Former Newark councilman Todd Ruckle is challenging Democrat Jack Walsh, who is seeking his second term in the state Senate representing District 9.
The district includes the extreme eastern part of Newark – including White Chapel, Fountainview, Stafford and Windy Hills – as well as parts of Pike Creek, Stanton and Newport.
Ruckle, a real estate agent from Stafford, served on the Newark council from 2014 to 2017. More recently, he was vocal in his opposition to Newark’s social gathering law, which limited large parties and has been credited by state health officials with preventing a larger coronavirus outbreak. Ruckle vowed to sue the city over the law, but the lawsuit never materialized because he couldn’t afford an attorney to take on the case, he said.
He is running as a Republican but described himself as “party-blind” and “bilingual” when it comes to politics.
“I’m uniquely qualified, because I speak Republican and I speak Democrat,” he said.
He said that if elected, he would introduce the “Tenant Accountability and Equity Act” that would require tenants, not their landlords, to pay property and school taxes associated with the property. It would also mandate tenants pay a transfer tax every time they move into a new apartment.
“They literally will have the skin in the game as a homeowner,” he said, adding that the legislation would likely have to somehow mandate a reduction in rent to account for the tenant being responsible for paying the taxes.
He also wants to implement his long-standing idea to demolish all the current school buildings and replace them with large “community campuses” that would include school functions, as well as a continuing education for adults, assisted living for seniors, a police station and other government services.
He acknowledged the plan would cost billions of dollars but said the state could pay for it with bonds and by reallocating money used to maintain current government buildings.
“We’ve got to focus on stopping the kindergarten to prison system that we have in the state, and this is how I figured we’re going to do it. It’s going to be absolute immersion into the community center,” Ruckle said.
To bolster economic development, he wants the state to invest in bringing a port for cruise ships to New Castle.
Walsh, who lives in the Montclare neighborhood in Pike Creek, is a member of IBEW Local 313 and works as a project manager for an electrical contractor. He also serves as vice president of the Delaware SPCA.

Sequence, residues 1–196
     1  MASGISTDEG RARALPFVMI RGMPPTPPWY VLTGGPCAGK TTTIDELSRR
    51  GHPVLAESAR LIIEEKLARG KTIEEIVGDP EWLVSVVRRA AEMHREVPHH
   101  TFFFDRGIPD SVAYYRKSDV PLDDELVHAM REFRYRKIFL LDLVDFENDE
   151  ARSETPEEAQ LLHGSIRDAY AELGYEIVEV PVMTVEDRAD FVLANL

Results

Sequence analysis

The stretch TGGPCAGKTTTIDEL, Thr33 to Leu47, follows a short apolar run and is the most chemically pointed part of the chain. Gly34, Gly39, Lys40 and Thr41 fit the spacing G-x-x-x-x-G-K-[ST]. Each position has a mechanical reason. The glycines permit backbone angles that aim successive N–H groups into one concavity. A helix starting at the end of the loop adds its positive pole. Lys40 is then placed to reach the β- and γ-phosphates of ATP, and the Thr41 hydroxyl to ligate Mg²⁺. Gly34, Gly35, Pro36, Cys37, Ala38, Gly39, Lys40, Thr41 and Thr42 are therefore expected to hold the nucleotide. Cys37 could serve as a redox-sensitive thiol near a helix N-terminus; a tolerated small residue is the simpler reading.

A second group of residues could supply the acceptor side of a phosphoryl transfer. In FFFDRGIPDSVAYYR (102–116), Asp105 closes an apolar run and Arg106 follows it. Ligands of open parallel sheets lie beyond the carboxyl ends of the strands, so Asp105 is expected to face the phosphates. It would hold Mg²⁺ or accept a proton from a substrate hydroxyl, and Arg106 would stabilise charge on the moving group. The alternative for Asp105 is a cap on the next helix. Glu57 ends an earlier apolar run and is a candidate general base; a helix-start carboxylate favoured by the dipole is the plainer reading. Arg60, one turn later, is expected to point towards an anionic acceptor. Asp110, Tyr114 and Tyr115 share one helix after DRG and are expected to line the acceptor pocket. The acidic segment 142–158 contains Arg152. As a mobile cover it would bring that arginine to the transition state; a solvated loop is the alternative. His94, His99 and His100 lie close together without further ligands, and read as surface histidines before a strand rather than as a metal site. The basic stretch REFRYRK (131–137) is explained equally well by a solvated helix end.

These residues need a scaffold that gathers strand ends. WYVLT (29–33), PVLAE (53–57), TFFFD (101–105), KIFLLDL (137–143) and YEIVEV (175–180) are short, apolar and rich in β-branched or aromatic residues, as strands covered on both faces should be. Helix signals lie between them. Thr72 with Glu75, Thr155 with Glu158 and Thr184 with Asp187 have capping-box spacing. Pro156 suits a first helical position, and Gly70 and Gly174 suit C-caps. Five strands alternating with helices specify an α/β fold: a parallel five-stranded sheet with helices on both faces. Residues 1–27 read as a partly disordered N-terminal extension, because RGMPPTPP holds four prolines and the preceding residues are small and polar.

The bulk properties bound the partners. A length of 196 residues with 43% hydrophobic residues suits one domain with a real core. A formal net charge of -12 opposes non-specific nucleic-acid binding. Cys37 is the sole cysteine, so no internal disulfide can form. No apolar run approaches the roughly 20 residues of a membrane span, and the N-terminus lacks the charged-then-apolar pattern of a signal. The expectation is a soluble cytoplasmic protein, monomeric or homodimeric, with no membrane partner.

He was first elected in 2016, winning a two-way Democratic primary and running unopposed in the general election to replace the retiring Karen Peterson. He’s now seeking his second four-year term.
“I want to continue to work and fight for all Delaware working families, as I promised when I was first elected in 2016,” Walsh said.
He said he is most proud of several bills he sponsored related to unions, including ones that prevented municipalities from enacting “right-to-work” legislation, allowed public sector unions to bargain separately for compensation and mandated training for journeymen and apprentices on all state projects.
“I’ve been the prime sponsor of some of the most important pro-labor bills,” he said. “Of course, I’m a labor guy.”
If re-elected, one of his main priorities will be dealing with the effects of the pandemic.
“I’ve spent a lot of time helping to direct both constituents and businesses where to go for assistance, so I know we’ll be dealing with that issue, as we come out of the pandemic, hopefully, shortly,” he said.
He plans to fight for a “liveable, sustainable wage” and wants to make permanent the vote-by-mail provisions that were approved during the pandemic but will sunset after this election.
He also wants to continue pushing for state funding for basic special education in kindergarten through third grade. A bill to do so was introduced in the current session but was never voted on.
Ruckle criticized Walsh for voting to reduce the senior school tax credit from $500 to $400 and raise the real estate transfer tax in 2017 and accused him of not effectively communicating with his constituents.
“That’s not what a representative is supposed to do,” Ruckle said. “They’re supposed to represent their community, their neighbors, protect the seniors, and do the greater good for the community. I knew at that point, I had to run.”
Walsh rejected Ruckle’s claim, adding that he puts out a quarterly newsletter and sponsors a number of community events.
“I’ve never seen him at any meetings. I attend every civic meeting in my district – always have, always will. My civic leaders can attest to that,” Walsh said.
He defended his vote on the senior tax credit, explaining that it came during a tough financial year for the state and Republicans were attempting to phase out the tax credit altogether.
“Fortunately, because of my colleagues and I, it did not gain any traction and was defeated,” he said.
He noted that raising the transfer tax, paid by buyers and sellers when a property changes hands, generated $40 million more for the state, and the real estate market is “hotter today than it’s ever been.”
“My opponent believes that the government should work for the wealthy instead of the working class,” Walsh said.